by: Melissa Sadin

Teenager with problemsAs the parent of a child with moderate to severe attachment trauma, I have struggled for years to provide my son with an appropriate educational program.  I have worked as a special education teacher and an administrator, so I know the lingo needed to get what I want at an IEP meeting.  However, I was startled to discover recently that I wasn’t sure I knew what my son needed. My son always makes it very clear to all involved when something doesn’t work for him.  The things that do work, however, are much more subtle and harder to see.  My son has never said, “Oh, I like Mrs. Soandso.  I feel safe in her class and am able to process language better there so I perform better academically.”  The closest we get to that is, “She’s okay, I guess.”

Over the years, however, I have been able to catch the subtle signs of certain teaching strategies that work better for my son.  I knew when my son felt safe with a teacher, and when a teacher had too much of their own baggage to be available for my son.  Although managing his education was essentially a full time job, I felt reasonably secure that we were doing right by him.

And then we looked up and found we were staring high school square in the face.  It’s much harder to stay on top of 5 different teachers and the rigorous academic demands of high school.  Of course my now 16-year-old man-child was escalating his aggressive behaviors and in typical teenaged fashion, telling me very little about what was going on in school.  I am lucky, however.  I happen to live in a school district that has always valued and welcomed my input regarding my son.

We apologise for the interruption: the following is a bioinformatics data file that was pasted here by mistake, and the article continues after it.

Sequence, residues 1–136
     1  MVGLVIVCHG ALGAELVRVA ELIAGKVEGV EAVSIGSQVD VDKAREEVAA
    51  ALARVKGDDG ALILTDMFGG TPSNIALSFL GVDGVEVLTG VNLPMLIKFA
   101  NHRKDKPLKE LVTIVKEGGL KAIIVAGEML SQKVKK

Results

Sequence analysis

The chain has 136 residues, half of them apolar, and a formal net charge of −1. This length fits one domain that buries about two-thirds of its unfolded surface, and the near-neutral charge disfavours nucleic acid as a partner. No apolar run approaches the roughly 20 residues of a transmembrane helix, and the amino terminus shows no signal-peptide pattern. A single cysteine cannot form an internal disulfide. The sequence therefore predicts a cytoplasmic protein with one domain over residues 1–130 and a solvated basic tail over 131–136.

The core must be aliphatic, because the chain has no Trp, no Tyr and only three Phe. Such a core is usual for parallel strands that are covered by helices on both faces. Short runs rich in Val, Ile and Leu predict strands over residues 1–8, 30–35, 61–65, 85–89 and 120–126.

So here I have a school that is falling over itself trying to accommodate my son.  I have two, sometimes three, out of five teachers willing to understand that my son, above all else needs to feel safe to learn. Despite all that, I’m tired.  Bone tired.  And I realize that I cannot keep this up.  I can’t support my son through high school as I did in the lower grades.  So what does a mother do?

I spent time as the principal for a special education school for kids with behavioral problems, and I know that my son won’t feel safe in that kind of setting.  Many out of district schools for kids with learning disabilities do not offer enough academic rigor.  Home schooling is not an option, as I know it is for so many who have kids with trauma.  Finally, after exhaustive research and soul searching, we found a private school where  all the instruction is one-on-one.  My son was thrilled when we visited the campus.  The school district, bless their hearts, are supportive and willing to pay tuition and transportation.  I hope this is the answer for my son.  For those of you still searching, you have my understanding and support.  It’s hard enough living with and loving our children with traumatized brains.  Finding a school that understands them should not be this hard.

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